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SHOWING RECORD: 5 of 12   Northern Bobcat
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image: Northern Bobcat
Photograph by George D. Lepp/Corbis
Northern Bobcat

Lynx rufus pallescens

Subspecies of Bobcat



First Noted by Expedition
April 7, 1805. A bobcat was part of the Fort Mandan shipment to Washington, D.C.
 

Description
Tawny (grayer in winter), with indistinct dark spotting. Short, stubby tail. Ears slightly tufted. Male larger than female. Length: 2.3–4.1 ft (0.7–1.2 m); tail: 4–7 in (10–17 cm). Weight: 14–29 lb (6.4–13 kg).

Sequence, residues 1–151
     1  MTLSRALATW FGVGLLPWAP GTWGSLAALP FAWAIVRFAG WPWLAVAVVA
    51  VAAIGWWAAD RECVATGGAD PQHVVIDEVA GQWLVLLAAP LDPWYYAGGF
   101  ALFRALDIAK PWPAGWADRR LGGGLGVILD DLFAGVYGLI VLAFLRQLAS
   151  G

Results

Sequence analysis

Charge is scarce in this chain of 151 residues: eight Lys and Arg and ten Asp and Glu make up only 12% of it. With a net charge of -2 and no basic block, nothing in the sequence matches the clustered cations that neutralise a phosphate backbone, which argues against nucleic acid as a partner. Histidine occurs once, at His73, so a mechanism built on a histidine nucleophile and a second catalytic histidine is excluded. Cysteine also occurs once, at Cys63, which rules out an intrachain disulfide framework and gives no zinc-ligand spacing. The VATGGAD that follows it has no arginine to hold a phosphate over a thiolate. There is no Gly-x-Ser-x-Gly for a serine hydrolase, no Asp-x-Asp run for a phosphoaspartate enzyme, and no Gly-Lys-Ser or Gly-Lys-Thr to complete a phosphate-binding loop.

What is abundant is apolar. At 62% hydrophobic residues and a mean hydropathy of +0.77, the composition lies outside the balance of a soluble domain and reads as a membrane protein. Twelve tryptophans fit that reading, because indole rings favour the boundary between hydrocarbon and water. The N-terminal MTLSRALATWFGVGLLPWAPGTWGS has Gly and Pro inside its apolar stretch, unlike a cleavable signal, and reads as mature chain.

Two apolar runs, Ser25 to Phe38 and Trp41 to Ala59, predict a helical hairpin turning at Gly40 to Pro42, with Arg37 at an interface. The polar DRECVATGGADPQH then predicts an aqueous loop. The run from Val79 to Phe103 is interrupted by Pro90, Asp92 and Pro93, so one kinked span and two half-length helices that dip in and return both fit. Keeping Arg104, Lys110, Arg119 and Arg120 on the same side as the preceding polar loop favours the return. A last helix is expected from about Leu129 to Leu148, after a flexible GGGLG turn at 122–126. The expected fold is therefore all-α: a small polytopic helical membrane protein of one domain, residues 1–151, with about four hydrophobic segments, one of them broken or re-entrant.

Habitat
Primarily scrubby country or broken forests—hardwood, coniferous, or mixed; also swamps, farmland, and rocky or brushy arid lands.
 

Range
Spotty distribution from coast to coast, and from southern Canada into Mexico. Probably most plentiful in the far West, from Idaho, Utah, and Nevada to Pacific coast and from Washington to Baja California. Scarce or absent in much of Midwest.
 

Note
Found only in North America, where it is the most common wildcat, the bobcat gets its common name from its stubby, or "bobbed," tail.

Species information from enature.com
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